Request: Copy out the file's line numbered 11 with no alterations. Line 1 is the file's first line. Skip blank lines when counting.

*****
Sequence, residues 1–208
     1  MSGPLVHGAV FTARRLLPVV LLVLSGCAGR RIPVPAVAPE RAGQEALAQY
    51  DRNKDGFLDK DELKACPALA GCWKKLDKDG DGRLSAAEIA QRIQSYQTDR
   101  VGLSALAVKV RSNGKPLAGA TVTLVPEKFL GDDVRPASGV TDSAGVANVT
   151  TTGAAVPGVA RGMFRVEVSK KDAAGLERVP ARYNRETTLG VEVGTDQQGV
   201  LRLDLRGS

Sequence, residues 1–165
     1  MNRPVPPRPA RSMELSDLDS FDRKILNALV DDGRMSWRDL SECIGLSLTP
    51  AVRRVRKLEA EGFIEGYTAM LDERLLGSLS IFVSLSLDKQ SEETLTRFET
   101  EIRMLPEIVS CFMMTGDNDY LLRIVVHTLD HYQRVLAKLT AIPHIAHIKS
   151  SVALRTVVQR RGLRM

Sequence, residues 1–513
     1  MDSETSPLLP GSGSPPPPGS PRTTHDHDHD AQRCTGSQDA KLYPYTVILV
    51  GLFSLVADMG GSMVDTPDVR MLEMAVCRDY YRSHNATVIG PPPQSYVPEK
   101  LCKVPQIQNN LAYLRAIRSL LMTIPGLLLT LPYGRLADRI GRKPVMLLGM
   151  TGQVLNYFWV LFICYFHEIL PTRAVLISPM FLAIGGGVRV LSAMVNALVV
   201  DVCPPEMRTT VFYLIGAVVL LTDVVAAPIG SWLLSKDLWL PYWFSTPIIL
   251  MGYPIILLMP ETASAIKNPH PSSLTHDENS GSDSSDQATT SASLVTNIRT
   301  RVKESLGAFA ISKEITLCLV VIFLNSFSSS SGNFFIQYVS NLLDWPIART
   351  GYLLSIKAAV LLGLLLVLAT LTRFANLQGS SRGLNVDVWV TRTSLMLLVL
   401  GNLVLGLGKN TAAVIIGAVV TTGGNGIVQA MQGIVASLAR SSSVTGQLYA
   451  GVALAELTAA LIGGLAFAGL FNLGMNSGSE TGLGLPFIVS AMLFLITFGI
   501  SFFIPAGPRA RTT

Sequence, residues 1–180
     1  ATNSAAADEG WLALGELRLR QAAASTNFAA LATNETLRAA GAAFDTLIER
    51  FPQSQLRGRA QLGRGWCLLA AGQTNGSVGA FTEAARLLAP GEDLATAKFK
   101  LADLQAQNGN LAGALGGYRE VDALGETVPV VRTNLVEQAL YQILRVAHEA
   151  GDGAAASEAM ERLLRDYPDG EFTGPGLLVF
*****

   151  SVALRTVVQR RGLRM